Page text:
There are four pavilions at the Stock Show dedicated purely to cattle, and just one for every other major type of livestock (poultry, sheep, and swine); that should give you an idea how important cattle are to Texans. The pavilions are all interconnected at the front end, so you could easily walk from one to the other. They’re unheated, too, and full from back to front with high school kids and their Future Farmers of America projects. I didn’t take any pictures of the cattle barns, because I figure Rusty, Elsie, and Beau were enough cattle for you. Sure, there are all kinds of breeds, but in the end they’re just cows, right? Big Macs on the hoof. Mmmmm.

One thing that I was impressed by was the exhibit that showed how raw milk was converted into cheese. They had this video I would have liked to have sat down with and watched end to end. You know, it’s an amazingly complex process, and you have to wonder how they discovered it in the first place — one of the things that makes the spoiled milk into cheese is an enzyme called rennine that comes from calf’s stomach (a.k.a. rennet), and who thought of that? I have to say that the process is a lot more complex than I expected, and I’m not sure the video would be appropriate for those of a delicate constitution. Did you know for example, that they dye the cheese while it’s still liquid, to make it a more appealing color? Yep.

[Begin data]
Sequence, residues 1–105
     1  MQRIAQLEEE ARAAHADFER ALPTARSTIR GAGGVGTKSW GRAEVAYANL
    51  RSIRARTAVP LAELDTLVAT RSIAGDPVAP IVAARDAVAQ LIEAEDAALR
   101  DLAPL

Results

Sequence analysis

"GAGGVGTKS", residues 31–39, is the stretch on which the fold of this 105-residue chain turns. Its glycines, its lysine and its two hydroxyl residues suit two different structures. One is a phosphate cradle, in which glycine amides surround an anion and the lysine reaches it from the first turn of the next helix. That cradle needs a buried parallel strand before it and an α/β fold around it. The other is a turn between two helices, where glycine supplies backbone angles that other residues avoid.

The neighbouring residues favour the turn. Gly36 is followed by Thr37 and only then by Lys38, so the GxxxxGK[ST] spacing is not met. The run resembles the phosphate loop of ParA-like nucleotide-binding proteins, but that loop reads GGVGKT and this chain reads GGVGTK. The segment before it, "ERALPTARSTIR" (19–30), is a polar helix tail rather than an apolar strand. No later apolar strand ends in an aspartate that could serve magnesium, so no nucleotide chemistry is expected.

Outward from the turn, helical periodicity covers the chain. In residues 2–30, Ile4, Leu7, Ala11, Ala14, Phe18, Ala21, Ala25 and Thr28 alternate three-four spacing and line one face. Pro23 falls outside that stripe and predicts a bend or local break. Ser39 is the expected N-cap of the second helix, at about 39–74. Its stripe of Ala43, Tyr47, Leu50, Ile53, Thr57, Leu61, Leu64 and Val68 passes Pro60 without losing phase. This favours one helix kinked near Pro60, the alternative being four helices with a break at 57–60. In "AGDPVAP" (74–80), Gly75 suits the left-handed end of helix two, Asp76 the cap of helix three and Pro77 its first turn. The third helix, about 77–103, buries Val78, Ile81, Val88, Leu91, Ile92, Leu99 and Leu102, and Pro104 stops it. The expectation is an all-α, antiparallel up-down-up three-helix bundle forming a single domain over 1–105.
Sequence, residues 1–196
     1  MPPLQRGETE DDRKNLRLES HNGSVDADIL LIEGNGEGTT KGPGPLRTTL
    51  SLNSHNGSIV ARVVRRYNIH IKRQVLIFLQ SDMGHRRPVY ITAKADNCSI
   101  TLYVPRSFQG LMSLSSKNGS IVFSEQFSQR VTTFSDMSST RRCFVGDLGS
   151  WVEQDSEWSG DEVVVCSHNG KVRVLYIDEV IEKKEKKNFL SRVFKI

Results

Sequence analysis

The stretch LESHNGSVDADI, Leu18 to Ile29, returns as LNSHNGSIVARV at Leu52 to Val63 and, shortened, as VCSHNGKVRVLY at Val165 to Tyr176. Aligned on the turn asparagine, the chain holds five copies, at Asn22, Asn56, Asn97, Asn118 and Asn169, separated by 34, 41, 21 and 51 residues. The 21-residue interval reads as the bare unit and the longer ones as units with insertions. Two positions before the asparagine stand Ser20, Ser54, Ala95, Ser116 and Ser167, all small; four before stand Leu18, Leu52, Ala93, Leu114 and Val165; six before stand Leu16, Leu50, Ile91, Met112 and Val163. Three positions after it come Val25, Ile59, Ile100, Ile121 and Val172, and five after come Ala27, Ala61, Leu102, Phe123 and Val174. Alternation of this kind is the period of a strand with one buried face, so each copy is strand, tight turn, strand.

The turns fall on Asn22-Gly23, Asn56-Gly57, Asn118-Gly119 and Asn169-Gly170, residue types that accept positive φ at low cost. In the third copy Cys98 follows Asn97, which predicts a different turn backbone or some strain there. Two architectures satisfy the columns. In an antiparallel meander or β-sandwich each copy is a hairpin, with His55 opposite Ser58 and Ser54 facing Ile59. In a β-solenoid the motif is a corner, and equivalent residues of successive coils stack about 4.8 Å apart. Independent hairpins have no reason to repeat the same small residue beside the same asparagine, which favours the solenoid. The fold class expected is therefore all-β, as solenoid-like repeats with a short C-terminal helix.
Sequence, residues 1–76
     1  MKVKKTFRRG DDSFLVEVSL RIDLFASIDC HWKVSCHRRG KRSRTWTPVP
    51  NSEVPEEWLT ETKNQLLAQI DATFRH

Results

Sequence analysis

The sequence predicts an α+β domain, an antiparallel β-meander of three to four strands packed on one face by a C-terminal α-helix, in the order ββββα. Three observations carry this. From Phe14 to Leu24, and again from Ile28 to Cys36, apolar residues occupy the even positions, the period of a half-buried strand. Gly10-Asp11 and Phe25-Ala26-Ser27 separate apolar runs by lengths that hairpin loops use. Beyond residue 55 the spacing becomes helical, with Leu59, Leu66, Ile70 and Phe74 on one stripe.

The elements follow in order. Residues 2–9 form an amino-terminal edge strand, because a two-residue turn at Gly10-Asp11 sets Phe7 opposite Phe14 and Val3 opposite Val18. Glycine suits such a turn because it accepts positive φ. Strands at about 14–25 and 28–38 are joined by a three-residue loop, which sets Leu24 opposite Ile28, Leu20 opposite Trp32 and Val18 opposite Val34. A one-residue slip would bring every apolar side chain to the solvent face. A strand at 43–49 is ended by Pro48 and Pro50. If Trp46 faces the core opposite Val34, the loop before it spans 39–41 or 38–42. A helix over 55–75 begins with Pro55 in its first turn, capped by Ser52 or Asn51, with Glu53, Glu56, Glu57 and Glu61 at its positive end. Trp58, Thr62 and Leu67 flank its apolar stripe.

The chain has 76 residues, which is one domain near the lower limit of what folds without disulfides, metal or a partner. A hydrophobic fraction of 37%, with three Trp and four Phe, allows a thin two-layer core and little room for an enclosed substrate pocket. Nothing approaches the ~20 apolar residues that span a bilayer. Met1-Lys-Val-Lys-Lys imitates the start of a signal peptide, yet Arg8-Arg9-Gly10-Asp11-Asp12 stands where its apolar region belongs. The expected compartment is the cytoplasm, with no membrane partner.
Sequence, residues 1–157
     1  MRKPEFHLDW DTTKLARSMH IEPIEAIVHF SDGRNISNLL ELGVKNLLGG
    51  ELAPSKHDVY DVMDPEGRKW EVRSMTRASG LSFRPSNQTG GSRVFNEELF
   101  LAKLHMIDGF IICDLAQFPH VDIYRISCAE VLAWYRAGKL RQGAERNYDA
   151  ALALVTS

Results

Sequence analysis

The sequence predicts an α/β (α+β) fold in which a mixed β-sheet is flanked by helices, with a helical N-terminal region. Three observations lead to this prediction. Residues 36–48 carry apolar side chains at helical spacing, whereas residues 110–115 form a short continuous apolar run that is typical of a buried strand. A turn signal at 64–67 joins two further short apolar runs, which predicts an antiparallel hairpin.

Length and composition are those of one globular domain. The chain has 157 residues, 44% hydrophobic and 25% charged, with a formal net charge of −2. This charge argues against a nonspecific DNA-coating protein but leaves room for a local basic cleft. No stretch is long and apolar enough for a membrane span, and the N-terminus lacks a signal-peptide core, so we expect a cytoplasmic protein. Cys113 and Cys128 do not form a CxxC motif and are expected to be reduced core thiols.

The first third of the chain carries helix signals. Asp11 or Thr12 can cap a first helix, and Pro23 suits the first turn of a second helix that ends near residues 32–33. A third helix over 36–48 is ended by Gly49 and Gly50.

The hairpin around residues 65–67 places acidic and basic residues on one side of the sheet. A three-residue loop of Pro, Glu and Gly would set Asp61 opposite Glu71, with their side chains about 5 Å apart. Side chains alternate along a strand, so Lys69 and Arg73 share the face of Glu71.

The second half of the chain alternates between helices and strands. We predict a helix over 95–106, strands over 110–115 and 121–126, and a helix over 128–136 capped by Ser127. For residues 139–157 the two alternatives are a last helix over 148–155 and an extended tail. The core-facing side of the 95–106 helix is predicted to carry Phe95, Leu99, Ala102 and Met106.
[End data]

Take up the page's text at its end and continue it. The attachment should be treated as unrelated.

We finally got out of the cattle exhibitions into some of the other areas. To give you an idea of what these pavilions are like and how big they are, here’s a photo of the interior of the sheep pavilion.

Sheep

Aren’t they sweet, with their little blankies? Well, it was colder than a witch’s…refrigerator in there, so I don’t blame them. Definitely the kind of weather to separate the sheep from the goats, to use an expression you had to know was coming. And speaking of goats, we saw an amusing one in one of the pavilions. Her name is Emma. They had her chained up in a cage in the middle of a display about the economic value of sheep and goats, and she was not happy about her inability to get out. (If she hadn’t been chained she would have escaped in a flash.) She did, however, like to pose for photos.